Wu Wei Inner Truth
Wu Wei: doen door niet-doen
contributor: Francis van Schaik
We are often so busy moving on that we don’t see how much clarity a little peace could bring. Sometimes you achieve more by doing less. That is the principle of Wu Wei.
Sometimes you really want something and you try so hard for it, but you seem to be swimming against the current. While if you were to sit back for a moment, the solution might present itself.
The base of Wu Wei
This Chinese wisdom, Wu Wei, a basic concept of Taoism, means “not to do”. Achieving something by ‘not doing’ is a paradox that we in the Western world find difficult to understand. Because how can you get something done by not doing it? We are so used to making plans, making to-do lists and just going, until we reach our goal and we can pinpoint the next point on the horizon where we plan and to-do again. to make lists. Wu wei shows that you actually achieve more when you do less.
Don’t do or do nothing
The misconception lies in the difference between the art of not doing and the art of doing nothing. A letter difference that matters quite a bit. Doing nothing is not an art. You just do nothing and then nothing much happens. The term Wu Wei is often used incorrectly by people who don’t feel like doing anything. But the art of inaction can actually lead to action.
Reinoud Eleveld, senior tao trainer and founder of taotraining.nl gives an example: “Suppose an old man falls into the canal. Then people who practice doing nothing will keep watching and let him drown. That’s the bystander syndrome: everyone waits for someone else to intervene. But someone who practices Wu Wei will jump into the water without hesitation and help the man ashore.”
Wouldn’t “pure action” be a better translation of Wu Wei? Reinoud: “Wu Wei is essentially about the ability to act without your personality interfering. It is pure acting, from your instinct, your naturalness and your wisdom. It is also acting as an animal does: immediately, sharply and correctly. It is called non-doing because the ego, or rather your personality, does nothing. It may observe, but it takes no initiative. This is the way a sage answers questions.”
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The treasures of our inner world
Wu Wei is one of the core concepts of Taoism. Reinoud says that according to the Taoists, the inner world of man consists of three ‘treasures’. The first, centered in your abdominal cavity, is your life force. The second treasure, centered in your chest cavity, is your consciousness and the third treasure, spiritual energy, is centered in your cranial cavity. Taoists train themselves so that these three treasures align and work together. Your life force then flows smoothly through your entire system, making you feel vital; your consciousness is clear, so that you no longer ‘work on willpower’, but you ‘experience from surrender’. As a result, you also awaken the spiritual within yourself and Wu Wei can become active.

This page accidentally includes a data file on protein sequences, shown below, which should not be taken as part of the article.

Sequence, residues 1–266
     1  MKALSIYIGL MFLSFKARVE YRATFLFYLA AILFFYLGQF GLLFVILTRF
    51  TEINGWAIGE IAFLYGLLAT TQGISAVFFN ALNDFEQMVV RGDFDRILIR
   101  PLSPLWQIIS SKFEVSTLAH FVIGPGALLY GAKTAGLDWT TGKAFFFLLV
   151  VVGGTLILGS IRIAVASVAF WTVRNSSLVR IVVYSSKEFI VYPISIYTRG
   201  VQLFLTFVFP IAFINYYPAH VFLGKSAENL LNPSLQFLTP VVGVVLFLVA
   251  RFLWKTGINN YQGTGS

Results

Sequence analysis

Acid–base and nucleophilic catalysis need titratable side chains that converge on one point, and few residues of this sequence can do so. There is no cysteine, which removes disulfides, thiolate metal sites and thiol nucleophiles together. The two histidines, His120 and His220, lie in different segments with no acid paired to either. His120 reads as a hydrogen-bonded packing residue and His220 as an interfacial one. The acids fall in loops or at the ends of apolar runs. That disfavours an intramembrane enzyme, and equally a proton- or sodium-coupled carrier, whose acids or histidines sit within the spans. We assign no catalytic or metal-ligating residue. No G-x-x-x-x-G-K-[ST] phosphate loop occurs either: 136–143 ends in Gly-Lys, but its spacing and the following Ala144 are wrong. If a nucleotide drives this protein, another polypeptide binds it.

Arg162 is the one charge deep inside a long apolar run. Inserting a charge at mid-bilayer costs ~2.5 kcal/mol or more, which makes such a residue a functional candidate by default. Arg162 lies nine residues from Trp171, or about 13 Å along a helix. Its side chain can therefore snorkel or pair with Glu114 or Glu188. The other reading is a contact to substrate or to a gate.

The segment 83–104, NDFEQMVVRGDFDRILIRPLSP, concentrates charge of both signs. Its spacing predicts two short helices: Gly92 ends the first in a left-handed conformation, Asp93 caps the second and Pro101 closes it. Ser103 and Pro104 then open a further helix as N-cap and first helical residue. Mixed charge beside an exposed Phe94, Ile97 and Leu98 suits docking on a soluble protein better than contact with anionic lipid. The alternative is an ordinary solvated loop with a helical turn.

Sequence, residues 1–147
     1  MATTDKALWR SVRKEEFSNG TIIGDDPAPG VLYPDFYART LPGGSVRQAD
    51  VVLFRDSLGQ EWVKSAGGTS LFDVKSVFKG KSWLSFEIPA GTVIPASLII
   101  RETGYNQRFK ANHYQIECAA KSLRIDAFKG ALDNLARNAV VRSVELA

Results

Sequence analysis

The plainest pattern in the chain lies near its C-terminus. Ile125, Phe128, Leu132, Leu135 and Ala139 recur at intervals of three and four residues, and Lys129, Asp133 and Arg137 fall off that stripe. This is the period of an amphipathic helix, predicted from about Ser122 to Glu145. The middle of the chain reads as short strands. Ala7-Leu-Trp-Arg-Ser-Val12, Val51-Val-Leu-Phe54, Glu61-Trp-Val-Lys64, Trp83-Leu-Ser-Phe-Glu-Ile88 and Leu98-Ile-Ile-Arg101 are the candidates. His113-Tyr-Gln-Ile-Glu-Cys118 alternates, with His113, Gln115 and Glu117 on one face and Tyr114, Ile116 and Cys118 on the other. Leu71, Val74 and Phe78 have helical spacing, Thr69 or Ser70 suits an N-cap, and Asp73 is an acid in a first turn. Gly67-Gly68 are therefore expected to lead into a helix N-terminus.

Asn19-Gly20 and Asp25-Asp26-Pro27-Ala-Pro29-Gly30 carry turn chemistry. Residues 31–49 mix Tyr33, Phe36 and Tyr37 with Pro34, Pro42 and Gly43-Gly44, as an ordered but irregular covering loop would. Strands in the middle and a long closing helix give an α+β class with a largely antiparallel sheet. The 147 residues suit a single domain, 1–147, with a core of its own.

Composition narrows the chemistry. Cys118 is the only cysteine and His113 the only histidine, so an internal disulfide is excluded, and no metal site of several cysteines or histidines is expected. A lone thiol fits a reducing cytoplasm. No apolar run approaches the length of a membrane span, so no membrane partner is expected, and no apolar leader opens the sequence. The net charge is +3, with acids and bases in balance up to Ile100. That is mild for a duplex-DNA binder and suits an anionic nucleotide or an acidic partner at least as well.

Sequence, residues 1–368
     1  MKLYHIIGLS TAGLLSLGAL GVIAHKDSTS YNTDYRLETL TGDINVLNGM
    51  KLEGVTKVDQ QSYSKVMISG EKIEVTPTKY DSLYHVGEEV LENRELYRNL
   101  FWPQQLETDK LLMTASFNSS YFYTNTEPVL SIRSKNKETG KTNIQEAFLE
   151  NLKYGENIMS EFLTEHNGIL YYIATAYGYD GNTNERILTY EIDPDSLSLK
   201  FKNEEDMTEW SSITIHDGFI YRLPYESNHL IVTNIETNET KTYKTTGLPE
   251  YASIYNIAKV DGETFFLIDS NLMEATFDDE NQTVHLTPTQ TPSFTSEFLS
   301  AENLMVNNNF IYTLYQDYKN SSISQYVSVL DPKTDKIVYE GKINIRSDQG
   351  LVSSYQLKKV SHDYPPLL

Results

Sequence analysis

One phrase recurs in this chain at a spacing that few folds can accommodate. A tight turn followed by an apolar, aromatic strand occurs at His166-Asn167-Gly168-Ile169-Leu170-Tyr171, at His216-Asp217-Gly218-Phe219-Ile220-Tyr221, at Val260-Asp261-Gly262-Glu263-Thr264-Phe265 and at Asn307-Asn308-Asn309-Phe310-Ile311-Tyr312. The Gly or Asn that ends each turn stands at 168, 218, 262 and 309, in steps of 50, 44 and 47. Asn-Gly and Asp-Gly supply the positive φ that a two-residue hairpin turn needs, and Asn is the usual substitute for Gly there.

As much non-doing as doing
That this state of being, Wu Wei, is one of the goals of Taoism, can be seen in the yin-yang sign, the ancient symbol of Taoism. It consists of a black and a white ‘fish’. The white fish stands for ‘doing’, the yang, the white energy, connected to the sun force, the moving, masculine, penetrating force. The black fish represents non-doing: the yin, the feminine energy, connected to the nourishing energy, the lightless force of Mother Earth, the receiving, the next. “These two forces must be in perfect balance, because then you as a person are in balance,” Reinoud explains. “So you try to do as much as not to do. Non-doing is half of Taoism.”
From yang to yin
Western people are too preoccupied with yang, with willpower, all hoping that the great God, the masculine energy, sees you, likes you and rewards you or loves you. Whether you believe in God or not, this has been subconsciously part of our cultural beliefs for 2,000 years. And we have forgotten that Mother Earth is among us, offering us endless amounts of energy. That is why we are out of balance and find inaction difficult.”
What goes wrong if we only practice yang? According to Reinoud, we are by definition unhappy when we are out of balance: “You then miss the surrender and your connection to the endless amount of nourishing energy of Mother Earth. Willpower will always exhaust you. That’s why so many people in our culture get burned out. “Doing” seems so strong, but it wears you out. When you don’t do, you allow yourself to be filled with energy, so to speak.
When you learn to work from a calm presence where you are ‘aligned’ with nature, you only get energy. So as you better practice the art of non-doing, your vitality will increase, your consciousness growth and development will start and you will be able to awaken spiritually. That is another typical Taoist paradox: from aligning the three treasures, it becomes easier to get into Wu Wei. But it also becomes easier from Wu Wei to align the three treasures. One exists through the other and the other through the one.”
Francis van Schaik
Mrs Francis van Schaik is a coach of children and also a student of human relationships with nature, the world and Reality. She is a regular contributor to our online magazine. Francis is the contributing editor of this page.
Francis van Schaik is een coach van jongeren en ook een student van menselijke relaties met de natuur, de wereld en de Waarheid. Ze levert regelmatig bijdragen aan ons online magazine. Francis is de bijdragende redacteur van deze pagina.